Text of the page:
The storyteller of Marrakech

By Richard Hamilton
BBC News


Storytelling in Marrakech is a practice with ancient roots, thought to date back to the 11th Century. But has it been superseded by modern life?

The Cafe de France in Marrakech is something of an institution. It is the oldest and most famous of the slightly louche establishments that surround the main square, the Jemaa el Fna. Dating back to the days of the French protectorate, it sometimes feels as if its decor and staff haven't changed since then either.

Wobbly ceiling fans rotate languidly trying to dispel the stifling heat. Portraits of King Mohammed the VI hang at odd angles from its blue and white tiled walls. Inside customers sit on faded wicker chairs sipping mint tea and strong coffee. On the veranda tourists try to avoid eye contact with the encircling shoe shine boys and hawkers selling single cigarettes, while the locals sit and stare at the hot teeming square, making their drinks last for hours.

It was here - back in 2006 - that I first met Abderrahim El Makkouri, a tall man, with a red Fez hat, dark beady eyes, goatee beard and a prominent nose. Abderrahim is a storyteller - one of the very last surviving "hlaykia" as they are called. Of an evening, when the sun went down and the muezzin called the faithful to the mosques, he would recite ancient myths, legends and folk tales to rapt crowds in the square, and if they enjoyed them, they would pay him a few coins.

There is a saying in Marrakech that "when a storyteller dies, a library burns." For most of the stories exist only in the heads of their narrators, who take their repertoire to the grave. Abderrahim has seen many of his fellow hlaykia come and go. Most have died, some have retired and one even took up shoe shining. Very few can make a living any more. The crowds who used to gather would rather watch TV.

In the 1970s there were 18 hlaykia recounting their narratives in the Jemaa el Fna. In 2006 there were only two: Abderrahim and Moulay Mohamed. Sadly the latter, a quiet, kindly old man, has passed away. So I spent many hours with Abderrahim in the Cafe de France recording his stories for posterity - and a book.

He was hoping his son Zoheir would become a storyteller too. A German film-maker even made a documentary about them - the master storyteller and his apprentice - which was shown at the Marrakech International Film Festival. But Zoheir couldn't cope with this sudden exposure to fame and he suffered some sort of mental breakdown. His mother and father would wake up to hear him screaming in the night. They had to take him out of school, and they struggled to pay for his medication.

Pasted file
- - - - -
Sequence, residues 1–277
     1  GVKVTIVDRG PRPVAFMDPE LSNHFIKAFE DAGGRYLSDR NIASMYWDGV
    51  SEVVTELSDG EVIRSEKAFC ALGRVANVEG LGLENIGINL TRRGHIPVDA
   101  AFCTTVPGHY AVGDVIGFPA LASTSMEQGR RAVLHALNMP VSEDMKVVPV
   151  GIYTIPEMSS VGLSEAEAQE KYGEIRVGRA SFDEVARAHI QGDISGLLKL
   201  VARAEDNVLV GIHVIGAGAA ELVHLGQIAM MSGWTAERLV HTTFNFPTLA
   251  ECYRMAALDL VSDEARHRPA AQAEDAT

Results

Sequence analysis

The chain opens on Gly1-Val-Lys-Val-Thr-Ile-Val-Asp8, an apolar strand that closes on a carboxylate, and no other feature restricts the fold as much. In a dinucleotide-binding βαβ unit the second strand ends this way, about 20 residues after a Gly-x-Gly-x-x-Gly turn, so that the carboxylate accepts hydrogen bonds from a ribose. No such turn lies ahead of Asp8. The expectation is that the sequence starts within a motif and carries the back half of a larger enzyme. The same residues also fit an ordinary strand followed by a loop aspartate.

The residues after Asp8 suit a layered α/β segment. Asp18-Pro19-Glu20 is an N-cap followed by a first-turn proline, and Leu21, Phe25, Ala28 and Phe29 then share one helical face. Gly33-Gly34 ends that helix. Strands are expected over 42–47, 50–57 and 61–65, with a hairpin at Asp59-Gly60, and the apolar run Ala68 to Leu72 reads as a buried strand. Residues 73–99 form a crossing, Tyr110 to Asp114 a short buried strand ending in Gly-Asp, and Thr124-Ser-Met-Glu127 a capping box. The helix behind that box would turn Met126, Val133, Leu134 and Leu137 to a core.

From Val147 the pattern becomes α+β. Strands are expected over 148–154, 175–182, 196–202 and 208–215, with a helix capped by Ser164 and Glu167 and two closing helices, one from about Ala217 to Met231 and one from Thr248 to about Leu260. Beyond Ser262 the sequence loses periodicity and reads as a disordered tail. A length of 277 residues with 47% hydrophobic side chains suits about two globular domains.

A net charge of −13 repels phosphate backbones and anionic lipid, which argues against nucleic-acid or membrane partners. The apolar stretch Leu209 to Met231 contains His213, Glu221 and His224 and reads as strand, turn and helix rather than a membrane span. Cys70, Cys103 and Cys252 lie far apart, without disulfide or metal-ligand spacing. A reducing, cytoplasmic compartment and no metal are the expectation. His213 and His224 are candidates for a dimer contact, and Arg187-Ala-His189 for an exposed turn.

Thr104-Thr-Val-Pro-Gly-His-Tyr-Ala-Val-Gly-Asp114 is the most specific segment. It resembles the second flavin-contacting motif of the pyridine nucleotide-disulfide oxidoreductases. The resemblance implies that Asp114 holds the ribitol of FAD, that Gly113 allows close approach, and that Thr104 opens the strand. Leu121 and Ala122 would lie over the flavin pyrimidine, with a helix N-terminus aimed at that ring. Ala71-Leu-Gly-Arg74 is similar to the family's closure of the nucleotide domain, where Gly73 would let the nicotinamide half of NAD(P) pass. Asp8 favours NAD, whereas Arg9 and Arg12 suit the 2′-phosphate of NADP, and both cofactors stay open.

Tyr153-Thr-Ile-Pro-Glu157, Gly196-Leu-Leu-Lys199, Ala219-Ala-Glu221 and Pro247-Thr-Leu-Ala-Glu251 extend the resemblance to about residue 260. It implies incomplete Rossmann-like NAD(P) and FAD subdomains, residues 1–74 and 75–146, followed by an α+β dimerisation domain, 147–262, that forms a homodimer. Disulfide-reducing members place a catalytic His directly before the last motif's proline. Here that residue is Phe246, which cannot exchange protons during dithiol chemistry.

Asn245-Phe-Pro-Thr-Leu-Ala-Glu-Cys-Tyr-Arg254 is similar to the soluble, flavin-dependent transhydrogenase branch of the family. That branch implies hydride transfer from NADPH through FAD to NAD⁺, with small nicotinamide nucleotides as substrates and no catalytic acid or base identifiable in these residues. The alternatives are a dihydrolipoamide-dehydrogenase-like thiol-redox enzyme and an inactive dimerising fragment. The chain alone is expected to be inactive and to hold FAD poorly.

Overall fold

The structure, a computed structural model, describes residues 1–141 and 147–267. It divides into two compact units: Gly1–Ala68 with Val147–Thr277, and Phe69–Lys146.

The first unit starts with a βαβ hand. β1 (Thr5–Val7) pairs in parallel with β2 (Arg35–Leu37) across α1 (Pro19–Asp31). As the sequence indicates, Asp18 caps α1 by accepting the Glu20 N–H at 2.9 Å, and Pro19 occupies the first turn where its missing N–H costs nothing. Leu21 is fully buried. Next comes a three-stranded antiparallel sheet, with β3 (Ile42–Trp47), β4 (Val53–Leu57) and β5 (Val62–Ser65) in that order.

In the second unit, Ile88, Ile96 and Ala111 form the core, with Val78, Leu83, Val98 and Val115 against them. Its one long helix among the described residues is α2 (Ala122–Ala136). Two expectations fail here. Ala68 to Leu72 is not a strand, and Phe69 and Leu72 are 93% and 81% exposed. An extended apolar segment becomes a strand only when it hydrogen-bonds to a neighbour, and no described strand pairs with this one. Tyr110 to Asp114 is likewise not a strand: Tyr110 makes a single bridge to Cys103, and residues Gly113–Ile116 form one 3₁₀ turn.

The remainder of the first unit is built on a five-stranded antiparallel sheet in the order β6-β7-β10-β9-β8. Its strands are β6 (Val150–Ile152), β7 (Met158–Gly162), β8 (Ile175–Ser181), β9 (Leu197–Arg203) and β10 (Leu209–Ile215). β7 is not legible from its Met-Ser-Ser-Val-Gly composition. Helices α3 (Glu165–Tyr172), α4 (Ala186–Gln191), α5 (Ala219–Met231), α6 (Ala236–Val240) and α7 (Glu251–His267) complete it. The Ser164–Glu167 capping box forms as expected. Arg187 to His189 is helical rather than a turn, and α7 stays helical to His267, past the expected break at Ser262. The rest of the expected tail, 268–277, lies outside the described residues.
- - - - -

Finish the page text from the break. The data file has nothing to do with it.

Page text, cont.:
If Zoheir recovered maybe he could tell stories in the square, I suggested one day last year, as we sat on the cafe's veranda again. "Look," said Abderrahim, "can't you see? There's no space anymore for storytellers," pointing at the crowded stalls of merchants selling everything from mystical aphrodisiacs to false teeth, "and besides it's too noisy".

He was probably right. The storyteller's art - thought to be around 1,000 years old - was a nuanced one, that had not kept pace with the noise, new technology or the general madness of Marrakech which had engulfed them and drowned them out. What had happened to Zoheir seemed like a sad metaphor for the decline of the storyteller in general; he has seen modernity and it's killing him.

When I returned home I wrote a letter to the royal palace, more in hope than expectation, explaining to the King's advisers that Abderrahim was struggling and that he needed somewhere he and his son might tell stories in the future to save this ancient tradition from oblivion.

I went back to Marrakech a few weeks ago and found out that a British man had started up a new cafe that might one day be as famous as the Cafe de France. Here the art of storytelling is being revived, with young Moroccans learning ancient tales from the older generation. I arranged to meet Abderrahim in the Cafe de France to tell him the good news. "I have some good news too," he said beaming beneath his red Fez hat. "The King got your letter… and he has bought me a house!"

I was staggered but then another Moroccan saying came into my head. "Nothing is certain," they will tell you here, "but everything is possible." Marrakech is the strangest place I know. Truth here really is stranger than fiction. Where else can you buy aphrodisiacs and false teeth? Where else can you hear stories that are older than the pink walls and ramparts of this medieval city? And where else does the king end up buying a storyteller a house?

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